5-Hydroxyindoleacetic acid

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5-Hydroxyindoleacetic acid
5-Hydroxyindolessigsäure (5-HIAA).svg
Identifiers
CAS number 54-16-0 YesY
PubChem 1826
ChemSpider 1760 YesY
KEGG C05635 YesY
MeSH Hydroxyindoleacetic+Acid
ChEBI CHEBI:27823 YesY
ChEMBL CHEMBL395915 YesY
Jmol-3D images Image 1
Properties
Molecular formula C10H9NO3
Molar mass 191.18 g mol−1
Except where noted otherwise, data are given for materials in their standard state (at 25 °C (77 °F), 100 kPa)
 YesY (verify) (what is: YesY/N?)
Infobox references

5-Hydroxyindoleacetic acid (5-HIAA) is the main metabolite of serotonin. In chemical analysis of urine samples, 5-HIAA is used to determine serotonin levels in the body.

Clinical significance[edit]

5-HIAA is tested by 24-hour urine samples combined with an acidic additive to maintain pH below 3. Certain foods and drugs are known to interfere with the measurement. 5-HIAA levels can vary depending on other complications, including tumors, renal malfunction, and small bowel resection.

Since 5-HIAA is a metabolite of serotonin, testing is most frequently performed for the diagnosis of carcinoid tumors of the enterochromaffin (Kultschitzsky) cells of the small intestine, which release large amounts of serotonin. Values greater than 25 mg per 24 hours (higher if the patient has malabsorption) are strong evidence for carcinoid. The normal range is 2 to 6 mg per 24 hours. [1]

Low levels of 5-HIAA in the cerebrospinal fluid have been associated with aggressive behavior and suicide by violent means, correlating with diminished serotonin levels.[2]

Elevated serotonin (hyperserotonemia) is one of the most common biological findings in autism[3] and 5-HIAA may be elevated in patients with autistic spectrum disorders.

Limitations[edit]

5-HIAA may be normal with nonmetastatic carcinoid tumor and may be normal even with the carcinoid syndrome, particularly in subjects without diarrhea, because some patients with the carcinoid syndrome excrete nonhydroxylated indolic acids.

  1. Midgut carcinoids are most apt to produce the carcinoid syndrome with 5-HIAA elevation. Patients with renal disease may have falsely low 5-HIAA levels in the urine.
  2. 5-HIAA is increased in untreated patients with malabsorption, who have increased urinary tryptophan metabolites. Such patients include those with celiac disease, tropical sprue, Whipple disease, stasis syndrome, and cystic fibrosis. It is increased in those with chronic intestinal obstruction.
  3. Poor correlation exists between 5-HIAA level and the clinical severity of the carcinoid syndrome. 3 recent studies confirm its use as a prognostic factor in this disease.
  4. 5-HIAA is the major urinary metabolite of serotonin, a ubiquitous bioactive amine. Serotonin, and consequently 5-HIAA, are produced in excess by most carcinoid tumors, especially those producing the carcinoid syndrome of flushing, hepatomegaly (enlarged liver), diarrhea, bronchospasm, and heart disease. Quantitation of urinary 5-HIAA is the best test for carcinoid, but scrupulous care must be taken that specimen collection and patient preparation have been correct. Carcinoid tumors may cause increased excretion of tryptophan, 5-hydroxytryptophan and histamine as well as serotonin. Serum serotonin assay may detect some carcinoids missed by 5-HIAA assay.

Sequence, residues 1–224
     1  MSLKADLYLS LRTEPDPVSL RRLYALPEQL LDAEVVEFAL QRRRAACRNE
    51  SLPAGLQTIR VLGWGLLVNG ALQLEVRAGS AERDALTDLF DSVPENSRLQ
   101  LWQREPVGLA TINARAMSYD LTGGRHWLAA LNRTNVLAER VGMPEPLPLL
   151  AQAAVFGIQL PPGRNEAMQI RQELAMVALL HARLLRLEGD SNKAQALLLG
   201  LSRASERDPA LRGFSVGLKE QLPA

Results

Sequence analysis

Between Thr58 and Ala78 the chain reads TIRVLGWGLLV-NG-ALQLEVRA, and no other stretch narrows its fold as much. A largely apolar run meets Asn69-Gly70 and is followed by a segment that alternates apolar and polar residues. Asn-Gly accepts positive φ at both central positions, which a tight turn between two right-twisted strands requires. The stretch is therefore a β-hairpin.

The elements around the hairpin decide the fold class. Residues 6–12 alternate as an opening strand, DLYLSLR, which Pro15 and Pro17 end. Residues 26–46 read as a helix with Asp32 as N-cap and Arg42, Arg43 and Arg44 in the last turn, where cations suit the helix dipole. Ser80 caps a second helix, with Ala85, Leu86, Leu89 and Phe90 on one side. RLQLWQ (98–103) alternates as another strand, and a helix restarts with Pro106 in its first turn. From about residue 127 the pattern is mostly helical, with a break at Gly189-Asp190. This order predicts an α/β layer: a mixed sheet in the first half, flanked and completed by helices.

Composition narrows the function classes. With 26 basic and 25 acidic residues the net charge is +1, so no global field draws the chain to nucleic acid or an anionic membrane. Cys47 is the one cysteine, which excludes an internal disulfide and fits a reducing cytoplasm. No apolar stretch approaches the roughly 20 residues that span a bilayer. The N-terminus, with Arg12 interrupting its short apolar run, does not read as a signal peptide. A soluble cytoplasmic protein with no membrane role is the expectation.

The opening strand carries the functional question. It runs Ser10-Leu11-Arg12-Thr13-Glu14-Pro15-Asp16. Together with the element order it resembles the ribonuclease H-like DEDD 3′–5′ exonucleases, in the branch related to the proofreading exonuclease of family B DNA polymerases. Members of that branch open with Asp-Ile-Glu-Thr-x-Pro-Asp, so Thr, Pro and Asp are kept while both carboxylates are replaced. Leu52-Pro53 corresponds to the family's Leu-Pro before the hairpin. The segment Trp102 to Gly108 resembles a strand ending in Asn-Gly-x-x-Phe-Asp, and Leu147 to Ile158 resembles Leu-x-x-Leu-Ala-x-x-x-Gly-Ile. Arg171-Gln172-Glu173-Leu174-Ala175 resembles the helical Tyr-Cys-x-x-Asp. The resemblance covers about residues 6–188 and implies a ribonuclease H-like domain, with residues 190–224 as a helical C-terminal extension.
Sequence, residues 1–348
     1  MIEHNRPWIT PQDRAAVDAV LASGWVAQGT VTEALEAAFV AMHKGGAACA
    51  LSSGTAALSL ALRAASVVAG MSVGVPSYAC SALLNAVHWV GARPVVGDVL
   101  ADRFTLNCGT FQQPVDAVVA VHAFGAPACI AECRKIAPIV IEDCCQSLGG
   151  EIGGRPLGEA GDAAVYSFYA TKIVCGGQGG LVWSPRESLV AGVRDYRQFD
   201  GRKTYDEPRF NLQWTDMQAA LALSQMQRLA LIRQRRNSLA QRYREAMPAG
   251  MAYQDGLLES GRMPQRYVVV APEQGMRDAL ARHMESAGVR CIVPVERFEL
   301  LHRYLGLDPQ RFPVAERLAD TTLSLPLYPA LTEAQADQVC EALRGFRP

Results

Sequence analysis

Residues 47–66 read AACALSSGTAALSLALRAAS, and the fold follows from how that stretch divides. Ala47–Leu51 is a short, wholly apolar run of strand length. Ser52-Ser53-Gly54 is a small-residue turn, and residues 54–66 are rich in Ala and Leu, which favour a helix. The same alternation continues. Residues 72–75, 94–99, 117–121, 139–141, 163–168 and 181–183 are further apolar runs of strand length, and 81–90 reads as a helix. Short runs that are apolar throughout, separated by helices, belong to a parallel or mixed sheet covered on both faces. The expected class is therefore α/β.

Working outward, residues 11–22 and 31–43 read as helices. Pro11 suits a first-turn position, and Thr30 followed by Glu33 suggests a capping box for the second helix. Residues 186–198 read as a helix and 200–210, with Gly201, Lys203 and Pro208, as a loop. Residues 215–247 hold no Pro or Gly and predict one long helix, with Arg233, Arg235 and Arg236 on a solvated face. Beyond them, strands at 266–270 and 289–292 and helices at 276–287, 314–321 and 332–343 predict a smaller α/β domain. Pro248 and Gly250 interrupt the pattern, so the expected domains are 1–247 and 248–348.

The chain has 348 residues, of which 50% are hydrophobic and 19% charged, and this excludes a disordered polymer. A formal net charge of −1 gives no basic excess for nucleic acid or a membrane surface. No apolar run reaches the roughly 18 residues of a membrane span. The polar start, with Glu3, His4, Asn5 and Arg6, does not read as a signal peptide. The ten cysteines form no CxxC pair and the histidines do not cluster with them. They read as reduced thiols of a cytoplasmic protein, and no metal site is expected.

The production and metabolism of serotonin, and thus 5-HIAA, is dependent upon the tissue of origin of the tumor. Tumors from midgut cells, such as ileal carcinoid usually contain and release large quantities of serotonin. These amounts may not be fully reflected in the amount of 5-HIAA in urine, because little is metabolized. Foregut tumors lack the decarboxylase enzyme necessary to convert 5-hydroxytryptophan to serotonin, resulting in minimal to no elevation in urinary 5-HIAA levels. Tumors derived from hindgut cells (rectal carcinoid) rarely produce excess serotonin or 5-HIAA. Of 75 patients with carcinoid tumors, 75% had above normal urinary 5-HIAA excretion and 64% had above normal serotonin excretion.[citation needed]

References[edit]

  1. ^ http://www.nlm.nih.gov/medlineplus/ency/article/003612.htm
  2. ^ Thomas Bronisch: Der Suizid: Ursachen Warnsignale Prävention. 5. Auflage, C.H.Beck, München 2007, ISBN 978-3-406-55967-9, S. 63–65 (German).
  3. ^ Burgess, NK; Sweeten, TL; McMahon, WM; Fujinami, RS (2006). "Hyperserotoninemia and altered immunity in autism.". Journal of autism and developmental disorders 36 (5): 697–704. doi:10.1007/s10803-006-0100-7. PMID 16614791. 

Further reading[edit]

  • Berk, J. Edward; Bockus, Henry L. (1985). Bockus gastroenterology. Philadelphia: W.A. Saunders. ISBN 0-7216-1777-8.  - Johnson HC Jr, “Urine Tests,” Volume 1, 342-7.
  • Schultz AL, “5-Hydroxyindoleacetic Acid,” Methods in Clinical Chemistry, Pesce AJ and Kaplan LA, eds, St Louis, MO: Mosby-Year Book Inc, 1987, 714-20.
  • Berk, J. Edward; Bockus, Henry L. (1985). Bockus gastroenterology. Philadelphia: W.A. Saunders. ISBN 0-7216-1777-8.  - Warner RR, “Carcinoid Tumor,” Volume 3, 1874-6.
  • Agranovich AL, Anderson GH, Manji M, Acker BD, Macdonald WC, Threlfall WJ (May 1991). "Carcinoid tumour of the gastrointestinal tract: prognostic factors and disease outcome". J Surg Oncol 47 (1): 45–52. doi:10.1002/jso.2930470111. PMID 1708841.